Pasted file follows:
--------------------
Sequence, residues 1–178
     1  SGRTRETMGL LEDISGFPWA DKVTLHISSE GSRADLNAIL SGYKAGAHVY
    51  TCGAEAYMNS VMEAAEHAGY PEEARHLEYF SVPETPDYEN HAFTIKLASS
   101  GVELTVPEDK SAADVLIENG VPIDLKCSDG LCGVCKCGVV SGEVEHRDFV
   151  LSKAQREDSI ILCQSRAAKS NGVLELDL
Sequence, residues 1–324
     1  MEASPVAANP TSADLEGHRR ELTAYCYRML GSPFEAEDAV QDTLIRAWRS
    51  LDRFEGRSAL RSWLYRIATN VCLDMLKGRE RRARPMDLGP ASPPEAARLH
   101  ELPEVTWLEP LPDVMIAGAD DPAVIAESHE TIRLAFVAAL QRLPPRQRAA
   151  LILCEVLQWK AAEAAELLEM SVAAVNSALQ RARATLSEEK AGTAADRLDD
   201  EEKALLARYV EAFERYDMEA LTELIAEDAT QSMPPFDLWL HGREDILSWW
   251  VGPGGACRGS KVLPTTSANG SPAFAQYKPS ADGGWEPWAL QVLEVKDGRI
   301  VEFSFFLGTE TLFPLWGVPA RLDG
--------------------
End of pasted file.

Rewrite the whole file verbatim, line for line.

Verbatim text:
Sequence, residues 1–178
     1  SGRTRETMGL LEDISGFPWA DKVTLHISSE GSRADLNAIL SGYKAGAHVY
    51  TCGAEAYMNS VMEAAEHAGY PEEARHLEYF SVPETPDYEN HAFTIKLASS
   101  GVELTVPEDK SAADVLIENG VPIDLKCSDG LCGVCKCGVV SGEVEHRDFV
   151  LSKAQREDSI ILCQSRAAKS NGVLELDL
Sequence, residues 1–324
     1  MEASPVAANP TSADLEGHRR ELTAYCYRML GSPFEAEDAV QDTLIRAWRS
    51  LDRFEGRSAL RSWLYRIATN VCLDMLKGRE RRARPMDLGP ASPPEAARLH
   101  ELPEVTWLEP LPDVMIAGAD DPAVIAESHE TIRLAFVAAL QRLPPRQRAA
   151  LILCEVLQWK AAEAAELLEM SVAAVNSALQ RARATLSEEK AGTAADRLDD
   201  EEKALLARYV EAFERYDMEA LTELIAEDAT QSMPPFDLWL HGREDILSWW
   251  VGPGGACRGS KVLPTTSANG SPAFAQYKPS ADGGWEPWAL QVLEVKDGRI
   301  VEFSFFLGTE TLFPLWGVPA RLDG